So the University of Colorado has hired my friend Steve Hayward to be a visiting professor in conservative thought and policy. Some alum' funded the position because he believed that students had no conservative voice from which they could learn the truth about what conservatives think.
Steve is a thoughtful, fascinating, and erudite guy. The students will get a lot out of having him around.
Still, conservative Max Boot wonders whether this is the right way to get the "right voice" on campus.
For one thing: Is this the worst form of tokenism? Won't the university wrongly believe it's become so inclusive that its big tent now even includes conservatives? The real problem is that there are hardly any conservative being hired in the various disciplines that make up the social sciences and humanities. Surely a genuinely open-minded place would sometimes hire scholars for their academic credentials who just "happen" to be conservative. But we don't see that going on in our elite institutions.
It might be no accident, as they say, that you find more conservative professors of physics and engineering than conservative professors of literature or history. The standards in the hard sciences are more objective, those in the soft sciences and the humanities more ideological.
Here's another problem: Intentionally bringing a conservative in because just he's a conservative—a kind of affirmative action—begs the question of just what does it mean—from a scholarly or public-philosophical view—to be a conservative. The conservative "brand" is used very loosely in political life, and that's fine. But it turns out that what it means to be a conservative is an intense bone of contention among conservative scholars and intellectuals.
Being a conservative is a pretty indefinite category. It's not like being Hispanic or being African American or being a woman. So when a university says (rightly or wrong) for reasons of intellectual diversity it needs a "critical mass" of African Americans, it thinks it pretty much knows exactly what it's looking for.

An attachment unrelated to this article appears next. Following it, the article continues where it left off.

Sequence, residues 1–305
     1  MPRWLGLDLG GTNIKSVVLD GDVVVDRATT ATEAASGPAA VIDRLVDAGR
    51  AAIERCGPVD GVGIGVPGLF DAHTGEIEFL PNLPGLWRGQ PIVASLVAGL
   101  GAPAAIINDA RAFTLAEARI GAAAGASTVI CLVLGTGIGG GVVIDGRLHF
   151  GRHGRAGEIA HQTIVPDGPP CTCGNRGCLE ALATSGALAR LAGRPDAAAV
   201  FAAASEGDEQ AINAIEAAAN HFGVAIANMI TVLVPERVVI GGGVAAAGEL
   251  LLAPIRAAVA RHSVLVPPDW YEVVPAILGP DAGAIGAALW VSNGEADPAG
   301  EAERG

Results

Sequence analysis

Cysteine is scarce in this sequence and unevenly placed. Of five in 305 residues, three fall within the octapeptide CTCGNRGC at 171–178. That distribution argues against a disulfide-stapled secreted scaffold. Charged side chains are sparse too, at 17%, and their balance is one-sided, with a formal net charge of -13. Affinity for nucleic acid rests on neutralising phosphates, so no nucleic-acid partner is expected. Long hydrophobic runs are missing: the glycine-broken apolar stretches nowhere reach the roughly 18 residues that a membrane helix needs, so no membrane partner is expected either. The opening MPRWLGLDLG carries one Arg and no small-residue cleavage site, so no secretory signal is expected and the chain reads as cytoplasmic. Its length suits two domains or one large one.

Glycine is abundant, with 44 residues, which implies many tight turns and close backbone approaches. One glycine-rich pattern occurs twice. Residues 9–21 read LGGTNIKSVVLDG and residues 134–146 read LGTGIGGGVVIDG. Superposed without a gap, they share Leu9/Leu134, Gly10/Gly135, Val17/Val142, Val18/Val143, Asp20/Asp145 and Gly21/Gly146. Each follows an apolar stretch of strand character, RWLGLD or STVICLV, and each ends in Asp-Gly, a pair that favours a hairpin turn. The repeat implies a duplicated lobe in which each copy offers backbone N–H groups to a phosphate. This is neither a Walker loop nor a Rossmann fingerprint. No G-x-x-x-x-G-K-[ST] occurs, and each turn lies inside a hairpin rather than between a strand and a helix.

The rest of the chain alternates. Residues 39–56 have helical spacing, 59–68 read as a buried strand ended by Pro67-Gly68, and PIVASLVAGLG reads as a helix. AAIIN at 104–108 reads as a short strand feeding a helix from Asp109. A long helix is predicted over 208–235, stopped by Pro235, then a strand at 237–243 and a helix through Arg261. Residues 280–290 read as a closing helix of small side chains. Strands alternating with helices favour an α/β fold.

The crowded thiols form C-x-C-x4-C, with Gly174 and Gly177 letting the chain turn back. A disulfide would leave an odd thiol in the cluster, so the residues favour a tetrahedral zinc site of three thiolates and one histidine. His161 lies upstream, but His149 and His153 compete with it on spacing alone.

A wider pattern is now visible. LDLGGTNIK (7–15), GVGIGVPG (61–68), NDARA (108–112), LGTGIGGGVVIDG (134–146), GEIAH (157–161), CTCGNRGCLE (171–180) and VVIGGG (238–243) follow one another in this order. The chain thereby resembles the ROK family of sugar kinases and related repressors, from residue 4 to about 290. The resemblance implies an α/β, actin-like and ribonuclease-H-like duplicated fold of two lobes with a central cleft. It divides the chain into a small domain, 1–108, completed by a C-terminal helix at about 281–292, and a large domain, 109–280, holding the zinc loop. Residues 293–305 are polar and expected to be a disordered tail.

But you (especially if you're a conservative) might respond: Race-based affirmative action to achieve intellectual diversity never really made sense. (Affirmative action to achieve racial justice—or real equality—is a completely different issue.) There's no reliable guarantee that skin color predicts opinion. And it's paternalistic—not to mention contrary to the First Amendment—to insist that black faculty represent what are regarded as characteristically black opinions. The opinions of Clarence Thomas are deeply rooted in his experience as a black American, but everyone knows that getting his opinions on campus is not what the diversity people have in mind.
Steve, by contrast, is being hired because he clearly does well in representing conservative opinions. The diversity he represents isn't an accident of birth, but the product of conclusions reach by his free mind.